REVIEW: TopSpeed McLaren 570S •

REVIEW: TopSpeed McLaren 570S

Words and photos courtesy of Chaim Haffner


The 570S is one of McLaren’s most recent additions and slots into their Sports Series above both the 570GT and 540C. The Sports Series is all about everyday livability by providing a certain level of comfort and refinement, whilst taking plenty of the technological advances made in the likes of the 675LT and P1 from the Super and Ultimate Series respectively and distilling them for a heavily road focused car. With a 3.8-litre V8 engine mid-mounted for perfect balance, and a lightweight carbon fibre MonoCell II chassis, Sports Series models offer a class-defining power-to-weight ratio that’s designed to thrill. Along with the breathtaking performance, pinpoint steering, and sense of control that makes driving absolute fun, is a level of comfort that defies its supercar looks. As ever, you can go nuts with the 570S through their McLaren Special Operations (MSO) programme.

Powered by a twin-turbo 3.8 litre engine, this thing puts out 562bhp (570PS) through a 7-speed Seamless Shift dual clutch Gearbox (SSG) alongside 443lb/ft (600NM) of torque, which results in it completing the 0-62mph sprint in just 3.2 seconds. Rivals include the Porsche 911 Turbo and Audi R8, although they’re all wheel drive whereas the 570S manages those stats with just being rear wheel drive – impressive! When you think that McLaren got back into the road car game after their long hiatus from the F1 in 2011 with the MP4-12C, you realise just how far they’ve come in such a short time. Luckily it seems they’ve leaned on their Formula 1 expertise and been quick to react to change and things just keep on getting better and better! So how does the 570S fare in scale 1:18 form?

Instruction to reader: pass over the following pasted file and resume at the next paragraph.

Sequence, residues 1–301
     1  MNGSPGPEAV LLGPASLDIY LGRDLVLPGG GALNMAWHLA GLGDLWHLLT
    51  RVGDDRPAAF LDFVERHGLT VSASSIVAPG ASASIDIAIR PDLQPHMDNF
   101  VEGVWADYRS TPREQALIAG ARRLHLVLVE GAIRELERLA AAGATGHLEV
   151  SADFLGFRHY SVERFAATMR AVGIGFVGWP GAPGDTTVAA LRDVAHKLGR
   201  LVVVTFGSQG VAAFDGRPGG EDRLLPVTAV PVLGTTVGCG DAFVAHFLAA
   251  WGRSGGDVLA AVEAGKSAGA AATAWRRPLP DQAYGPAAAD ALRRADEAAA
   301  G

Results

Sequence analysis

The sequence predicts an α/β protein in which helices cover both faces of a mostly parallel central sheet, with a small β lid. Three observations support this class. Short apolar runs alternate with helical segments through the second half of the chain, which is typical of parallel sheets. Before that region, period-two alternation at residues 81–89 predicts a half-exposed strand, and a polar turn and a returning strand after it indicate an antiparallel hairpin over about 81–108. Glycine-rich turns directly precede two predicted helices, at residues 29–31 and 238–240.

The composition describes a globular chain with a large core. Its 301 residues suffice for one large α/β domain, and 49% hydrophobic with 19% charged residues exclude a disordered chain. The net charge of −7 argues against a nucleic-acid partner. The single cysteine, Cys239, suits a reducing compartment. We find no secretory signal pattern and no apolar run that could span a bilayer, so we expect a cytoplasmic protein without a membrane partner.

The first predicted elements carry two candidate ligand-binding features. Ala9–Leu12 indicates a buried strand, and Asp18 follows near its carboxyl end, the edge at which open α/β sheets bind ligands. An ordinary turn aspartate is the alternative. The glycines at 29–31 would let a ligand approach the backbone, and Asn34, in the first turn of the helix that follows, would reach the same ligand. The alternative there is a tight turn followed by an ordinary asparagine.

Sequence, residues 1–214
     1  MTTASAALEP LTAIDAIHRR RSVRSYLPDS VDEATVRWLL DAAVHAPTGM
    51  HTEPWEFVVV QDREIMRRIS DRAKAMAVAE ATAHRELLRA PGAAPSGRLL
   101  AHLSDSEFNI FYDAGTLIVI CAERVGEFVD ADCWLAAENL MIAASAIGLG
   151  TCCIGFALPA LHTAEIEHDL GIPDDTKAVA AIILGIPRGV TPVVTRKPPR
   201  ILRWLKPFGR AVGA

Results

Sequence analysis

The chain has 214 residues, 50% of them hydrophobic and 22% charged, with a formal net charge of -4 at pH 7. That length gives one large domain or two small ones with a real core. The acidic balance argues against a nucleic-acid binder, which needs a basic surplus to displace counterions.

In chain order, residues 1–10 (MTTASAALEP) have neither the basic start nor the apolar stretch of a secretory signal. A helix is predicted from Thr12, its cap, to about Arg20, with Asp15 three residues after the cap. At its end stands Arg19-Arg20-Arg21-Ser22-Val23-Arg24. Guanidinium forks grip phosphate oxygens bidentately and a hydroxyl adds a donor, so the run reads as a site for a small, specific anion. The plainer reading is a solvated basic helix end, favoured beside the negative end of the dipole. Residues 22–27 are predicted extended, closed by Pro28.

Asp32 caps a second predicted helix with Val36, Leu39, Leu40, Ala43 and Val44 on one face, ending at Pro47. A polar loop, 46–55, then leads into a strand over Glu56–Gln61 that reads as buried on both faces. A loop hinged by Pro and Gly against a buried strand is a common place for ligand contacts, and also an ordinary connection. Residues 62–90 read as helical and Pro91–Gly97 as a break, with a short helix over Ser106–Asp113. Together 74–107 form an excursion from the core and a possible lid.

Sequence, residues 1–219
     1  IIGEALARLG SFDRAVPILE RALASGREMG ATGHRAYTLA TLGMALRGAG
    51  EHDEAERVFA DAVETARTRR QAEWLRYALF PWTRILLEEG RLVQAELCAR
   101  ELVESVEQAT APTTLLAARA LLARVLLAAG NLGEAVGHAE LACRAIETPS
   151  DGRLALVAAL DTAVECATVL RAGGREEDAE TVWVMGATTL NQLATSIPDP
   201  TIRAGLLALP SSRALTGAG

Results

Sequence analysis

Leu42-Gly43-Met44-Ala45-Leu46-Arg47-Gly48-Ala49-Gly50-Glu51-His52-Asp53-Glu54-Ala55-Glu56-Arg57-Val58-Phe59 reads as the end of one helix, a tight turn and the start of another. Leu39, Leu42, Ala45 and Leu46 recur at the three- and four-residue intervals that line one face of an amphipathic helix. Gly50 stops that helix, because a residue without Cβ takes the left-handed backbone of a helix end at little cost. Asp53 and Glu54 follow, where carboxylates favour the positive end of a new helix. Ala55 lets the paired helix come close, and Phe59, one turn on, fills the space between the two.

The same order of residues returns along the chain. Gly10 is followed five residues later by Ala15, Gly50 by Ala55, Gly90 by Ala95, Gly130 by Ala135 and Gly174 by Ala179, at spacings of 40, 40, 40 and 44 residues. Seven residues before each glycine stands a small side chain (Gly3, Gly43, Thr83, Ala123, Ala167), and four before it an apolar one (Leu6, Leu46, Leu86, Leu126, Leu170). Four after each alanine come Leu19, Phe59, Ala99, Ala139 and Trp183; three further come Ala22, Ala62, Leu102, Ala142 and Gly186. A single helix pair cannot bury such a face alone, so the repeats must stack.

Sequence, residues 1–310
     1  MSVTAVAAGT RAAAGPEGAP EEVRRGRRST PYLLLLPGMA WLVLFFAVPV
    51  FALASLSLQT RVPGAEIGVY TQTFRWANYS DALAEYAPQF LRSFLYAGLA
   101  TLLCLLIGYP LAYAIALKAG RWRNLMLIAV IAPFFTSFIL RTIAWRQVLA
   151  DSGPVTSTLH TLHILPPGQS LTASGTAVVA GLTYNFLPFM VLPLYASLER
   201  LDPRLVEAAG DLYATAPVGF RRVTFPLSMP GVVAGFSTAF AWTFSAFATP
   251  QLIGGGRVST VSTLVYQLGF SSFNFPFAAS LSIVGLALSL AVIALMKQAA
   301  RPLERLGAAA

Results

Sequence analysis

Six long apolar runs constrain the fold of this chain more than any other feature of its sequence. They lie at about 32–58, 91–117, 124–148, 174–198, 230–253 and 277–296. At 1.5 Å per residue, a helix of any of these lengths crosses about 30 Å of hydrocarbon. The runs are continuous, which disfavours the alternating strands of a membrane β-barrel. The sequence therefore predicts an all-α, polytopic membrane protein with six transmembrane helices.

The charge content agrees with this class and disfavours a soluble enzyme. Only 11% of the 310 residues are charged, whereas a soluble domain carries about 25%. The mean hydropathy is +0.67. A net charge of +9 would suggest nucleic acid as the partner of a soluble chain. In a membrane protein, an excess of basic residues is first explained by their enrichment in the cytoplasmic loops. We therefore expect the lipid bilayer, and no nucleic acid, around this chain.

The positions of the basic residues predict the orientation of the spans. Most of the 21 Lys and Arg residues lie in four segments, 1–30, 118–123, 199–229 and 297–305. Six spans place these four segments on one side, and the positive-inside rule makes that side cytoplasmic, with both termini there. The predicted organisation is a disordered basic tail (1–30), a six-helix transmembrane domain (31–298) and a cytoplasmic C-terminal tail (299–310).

TopSpeed Models were kind enough to send me this sample for review, but rest assured, this will be up to my usual non-biased standards! For anyone unaware, TopSpeed are a sister brand to True Scale Miniatures (TSM) and sit below them in terms of overall price and quality. Think of them as a comparable level to GT Spirit. This particular model is finished in McLaren Orange with a black interior featuring orange accents and Sport Forged Stealth wheels plus McLaren Orange brake calipers. There is also another colour finished in Fire Black with a Jet Black and Areia interior (from the McLaren Designer Interiors options) plus Sport Forged Silver wheels with silver calipers and exhaust tips. The orange version is the real stand out model for me as the contrasting orange and black carbon suits the car really well, although there is something to be said about the classy looking black version with that lovely interior! Both models are limited to 999 pieces each and this is reflected on the numbered plaque on the underside of the model.

If you’ve read other reviews of TopSpeed’s models, you’ll no doubt have seen the rants at why the boxes are so big? The more foam material between the model and any potential damage the better, but this takes the biscuit I reckon. Luckily TopSpeed listens to their customers’ feedback and have shown off their smaller packaging on their social media pages, alongside a nice looking display case to show off your model. I deeply respect any company that listens to those that actually buy and enjoy the models, so kudos to them! Smaller packaging would surely reduce the shipping costs per model, so it would be nice if this saving was either passed onto the collector, or even poured into improving the models themselves?

Once you’ve gotten over that massive box and removed the model from within, you’ll see it is screwed (with 4 pretty big screws) to a nicely finished black base with the TopSpeed logo in the bottom right corner. One suggestion I’d like to offer for future models is to include a manufacturer logo on a little metal plate with maybe some key specs listed attached to the base? The base does look good and would look great with the model sitting atop it inside one of their new display cases.